The girlfriend of a popular Atlanta DJ gunned down in front of his home this week recalled how she cradled the dying man’s head while frantically administering first-aid with the help of 911 operators.
Shonté Renee watched helplessly as William Fernando Barnes, better known as DJ Nando, took his last breath in the driveway of their Morrow home early Tuesday morning.
“I said, ‘Baby, get up! Get up!’ He was not responding,” she recalled.
As friends prepare to remember Barnes at a vigil scheduled for 7 p.m. Friday at Club Onyx, Renee sat down for an exclusive interview with The Atlanta Journal-Constitution. Renee, who had not talked in detail about the killing before the interview, said she pressed bath towels against his head to try to stanch the flow of blood.
“I was in the house upstairs. I heard the gunshots. I was scared. Nando was the type to tell me, ‘Stay in the house if you hear gunshots.’ He wanted to protect me. I slowly went downstairs and peeked out the window.”
She saw her boyfriend of two years on the ground near his Jeep.
“He was caught completely off-guard,” she said. “I screamed and I called the ambulance.”
Once authorities arrived, they ushered Renee upstairs to change clothes. By the time she came back downstairs, police had put a white sheet over Barnes. That was when the magnitude of the crime hit Renee.
Now a couple of days later, Renee is still coming to terms with why anyone would want the quiet, laid-back DJ dead.
“He’s not the type of guy to have any beef with anybody,” she said. “Everybody thinks (strip clubs are) bad. I don’t want people to judge him off his job and what he did. He was a normal guy outside the strip club. He was family-oriented.”
DJ Nando, who helped launch the careers of artists Cash Out, Rocko, Young Jeezy, Future, Migos and 2 Chainz, had just arrived home from work around 3:30 a.m. when he was shot at close range in the right temple.
Renee recounted how after the assailant shot Barnes, the still-unidentified man ran away, leaving behind Barnes’ laptop, money and other valuables.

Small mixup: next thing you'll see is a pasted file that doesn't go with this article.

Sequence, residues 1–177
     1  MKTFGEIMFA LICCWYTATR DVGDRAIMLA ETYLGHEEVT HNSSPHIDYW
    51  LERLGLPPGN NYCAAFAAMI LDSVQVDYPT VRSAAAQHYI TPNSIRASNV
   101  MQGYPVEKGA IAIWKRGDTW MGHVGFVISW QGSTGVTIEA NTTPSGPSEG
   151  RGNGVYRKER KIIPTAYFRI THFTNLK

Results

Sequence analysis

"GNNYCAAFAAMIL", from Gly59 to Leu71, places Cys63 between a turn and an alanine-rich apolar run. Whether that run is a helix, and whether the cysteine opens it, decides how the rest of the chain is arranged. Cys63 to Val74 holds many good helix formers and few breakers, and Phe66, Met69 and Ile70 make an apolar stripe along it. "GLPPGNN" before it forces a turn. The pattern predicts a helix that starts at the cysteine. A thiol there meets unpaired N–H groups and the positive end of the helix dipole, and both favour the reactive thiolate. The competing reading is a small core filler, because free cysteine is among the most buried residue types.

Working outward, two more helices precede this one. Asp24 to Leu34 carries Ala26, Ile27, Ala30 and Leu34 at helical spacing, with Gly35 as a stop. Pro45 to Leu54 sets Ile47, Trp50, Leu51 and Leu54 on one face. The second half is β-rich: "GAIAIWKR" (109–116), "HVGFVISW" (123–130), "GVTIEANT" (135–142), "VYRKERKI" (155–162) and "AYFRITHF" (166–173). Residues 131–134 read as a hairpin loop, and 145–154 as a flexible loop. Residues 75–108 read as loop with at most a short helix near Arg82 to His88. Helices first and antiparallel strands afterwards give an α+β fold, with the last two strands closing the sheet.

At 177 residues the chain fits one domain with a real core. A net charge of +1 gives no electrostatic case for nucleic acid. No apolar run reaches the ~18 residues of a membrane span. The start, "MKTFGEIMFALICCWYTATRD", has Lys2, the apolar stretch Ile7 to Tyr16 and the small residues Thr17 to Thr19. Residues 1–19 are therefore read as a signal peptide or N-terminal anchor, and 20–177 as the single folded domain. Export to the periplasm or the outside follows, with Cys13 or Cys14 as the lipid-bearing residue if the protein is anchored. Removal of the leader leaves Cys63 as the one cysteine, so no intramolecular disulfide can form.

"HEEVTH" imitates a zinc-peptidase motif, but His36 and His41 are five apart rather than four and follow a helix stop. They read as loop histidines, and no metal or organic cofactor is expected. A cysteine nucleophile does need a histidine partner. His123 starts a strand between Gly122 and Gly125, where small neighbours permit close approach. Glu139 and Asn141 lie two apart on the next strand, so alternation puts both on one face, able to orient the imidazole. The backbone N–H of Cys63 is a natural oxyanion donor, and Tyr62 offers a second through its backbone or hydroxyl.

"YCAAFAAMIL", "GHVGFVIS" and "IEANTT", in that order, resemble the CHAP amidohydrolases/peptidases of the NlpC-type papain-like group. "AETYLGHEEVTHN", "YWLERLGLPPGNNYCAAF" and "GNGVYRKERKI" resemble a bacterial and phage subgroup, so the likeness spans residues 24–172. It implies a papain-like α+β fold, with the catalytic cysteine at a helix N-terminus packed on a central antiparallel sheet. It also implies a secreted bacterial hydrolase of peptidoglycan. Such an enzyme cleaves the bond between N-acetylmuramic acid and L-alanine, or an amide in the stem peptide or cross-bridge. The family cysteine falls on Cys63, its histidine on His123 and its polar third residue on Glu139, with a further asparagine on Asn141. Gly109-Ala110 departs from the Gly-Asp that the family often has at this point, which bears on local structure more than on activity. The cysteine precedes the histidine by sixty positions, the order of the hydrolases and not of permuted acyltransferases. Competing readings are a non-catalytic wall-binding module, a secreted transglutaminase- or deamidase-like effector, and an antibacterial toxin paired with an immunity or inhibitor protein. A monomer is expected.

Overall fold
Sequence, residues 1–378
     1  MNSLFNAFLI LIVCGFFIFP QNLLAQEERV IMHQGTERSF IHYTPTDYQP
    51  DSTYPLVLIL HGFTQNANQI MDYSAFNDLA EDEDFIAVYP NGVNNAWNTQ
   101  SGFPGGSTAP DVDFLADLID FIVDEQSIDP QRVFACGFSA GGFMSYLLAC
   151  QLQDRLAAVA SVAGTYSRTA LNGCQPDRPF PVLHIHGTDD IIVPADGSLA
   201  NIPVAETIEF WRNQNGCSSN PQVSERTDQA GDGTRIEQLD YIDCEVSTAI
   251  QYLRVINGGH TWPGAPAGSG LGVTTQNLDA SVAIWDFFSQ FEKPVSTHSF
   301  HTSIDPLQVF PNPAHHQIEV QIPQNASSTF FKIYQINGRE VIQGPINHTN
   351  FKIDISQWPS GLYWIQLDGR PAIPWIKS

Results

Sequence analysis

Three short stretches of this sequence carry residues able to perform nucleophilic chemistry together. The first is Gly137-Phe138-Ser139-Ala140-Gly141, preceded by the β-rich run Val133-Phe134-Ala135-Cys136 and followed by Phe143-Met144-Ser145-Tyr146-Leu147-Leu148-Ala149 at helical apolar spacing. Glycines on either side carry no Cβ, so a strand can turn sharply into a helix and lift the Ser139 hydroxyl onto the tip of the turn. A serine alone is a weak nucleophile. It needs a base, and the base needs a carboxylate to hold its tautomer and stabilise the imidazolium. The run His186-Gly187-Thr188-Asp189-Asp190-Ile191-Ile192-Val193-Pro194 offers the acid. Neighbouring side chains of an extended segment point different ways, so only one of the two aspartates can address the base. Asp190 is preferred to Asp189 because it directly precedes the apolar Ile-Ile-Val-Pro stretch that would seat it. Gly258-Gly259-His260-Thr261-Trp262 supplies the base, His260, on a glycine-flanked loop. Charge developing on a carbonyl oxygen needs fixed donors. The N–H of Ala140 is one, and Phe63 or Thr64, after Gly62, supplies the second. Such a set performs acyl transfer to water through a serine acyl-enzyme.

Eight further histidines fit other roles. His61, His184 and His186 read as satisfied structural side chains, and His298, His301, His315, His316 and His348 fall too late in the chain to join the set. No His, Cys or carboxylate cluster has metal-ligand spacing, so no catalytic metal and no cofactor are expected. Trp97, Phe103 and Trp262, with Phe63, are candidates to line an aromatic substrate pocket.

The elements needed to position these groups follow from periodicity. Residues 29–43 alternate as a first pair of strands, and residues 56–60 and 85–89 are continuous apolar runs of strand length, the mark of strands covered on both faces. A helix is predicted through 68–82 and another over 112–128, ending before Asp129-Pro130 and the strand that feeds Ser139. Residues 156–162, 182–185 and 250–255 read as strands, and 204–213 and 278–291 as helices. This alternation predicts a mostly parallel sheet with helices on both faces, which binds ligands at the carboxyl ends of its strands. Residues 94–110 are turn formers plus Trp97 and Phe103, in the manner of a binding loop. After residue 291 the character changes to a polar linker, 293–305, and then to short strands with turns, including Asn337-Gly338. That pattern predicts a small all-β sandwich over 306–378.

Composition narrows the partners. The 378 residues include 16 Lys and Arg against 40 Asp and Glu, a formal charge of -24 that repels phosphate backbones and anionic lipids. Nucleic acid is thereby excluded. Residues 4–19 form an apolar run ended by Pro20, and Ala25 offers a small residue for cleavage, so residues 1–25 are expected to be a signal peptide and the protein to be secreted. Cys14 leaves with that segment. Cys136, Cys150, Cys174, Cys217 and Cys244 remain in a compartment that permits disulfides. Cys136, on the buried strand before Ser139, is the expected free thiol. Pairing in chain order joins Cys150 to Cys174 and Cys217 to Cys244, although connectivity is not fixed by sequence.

The Clayton County Police Department and the Georgia Bureau of Investigation have made no arrests in the case, which remains under investigation.
“This guy is selfish and grimy to take a life like that,” Renee said, sitting in the living room of the home the couple shared. “He saw me come in before (Barnes). So he knew somebody who loved him and cared for him lived here. Somebody was definitely watching us.”
The 38-year-old DJ “with the infectious aura” had ascended into the region’s music scene. He was part of a powerful Atlanta music clique of strip-club DJs known as Coalition DJs, a group featured in a page one Wall Street Journal story last summer. The Coalition DJs helped up-and-coming artists get exposure by playing their music in the strip clubs for a fee.
Renee said Barnes had just inked a deal to work in a third strip club, The Diamond Club on Northside Drive in Atlanta. He and Renee had recently launched a clothing line called “Da Army,” a collection of women’s exotic wear along with warm-up suits and hoodies for men. He was working on deals in New Orleans and Miami and was putting together a debut album of his own, she said.
“He had a lot of stuff going on at the beginning of the new year,” said Renee, a petite, attractive woman who met the DJ through mutual friends two years ago. A picture of the couple sits on the mantle over the living room fireplace.
She says she has no idea who would have done this.
“Whatever it was, it was pure hatred. He was nice. He was cool.”
Barnes, the youngest of a close-knit family in Richmond, Va., had been spinning, mixing and producing music since the age of 14. He got his start in a D.C. studio.
His reputation made him the “go-to guy” in the Atlanta music scene. He built an impressive following through his DJing in adult entertainment clubs, where radio stations flocked to find the best and latest sounds. Rap and hip hop artists would seek him out to polish and perfect their work, hoping it would lead to record contracts.
“He broke a lot of music in terms of street sound. He’d polish the music, then play it,” said Richard Hannah, Barnes’ brother-in-law who has known the slain DJ since he was 14 years old.
“You needed his stamp of approval,” said Stephanie Moseley, Renee’s best friend who has stayed by her side since Barnes was killed.
During the interview, Renee gave a brief tour of the home the couple was renovating. The grey ranch-style home with iron burglar bars on the door and windows sits in a quiet cul-de-sac overlooking a small lake. Now that Barnes is gone she says she doesn’t think she can stay in the home.
“It’s different if he had been shot in the streets,” Renee said. “But for someone to come to your place of rest, it took away my safety.”
In addition to Friday night’s vigil at Onyx, a wake will be held from noon to 9 p.m. Saturday at Donald Trimble Mortuary, 1876 Second Ave., Decatur. Details of the funeral, which will be held in Richmond, Va., are incomplete. Friends have set up a memorial fund at Wells Fargo to help Barnes’ mother with expenses.
“We just want to pay for everything,” said Sabrena “Ramey” Swinger, a house mom at Onyx. “She’s allowing us to hold a memorial (in Atlanta). They have to do something there. We want to make it easier for her.”
Barnes is survived by an 11-year-old daughter.
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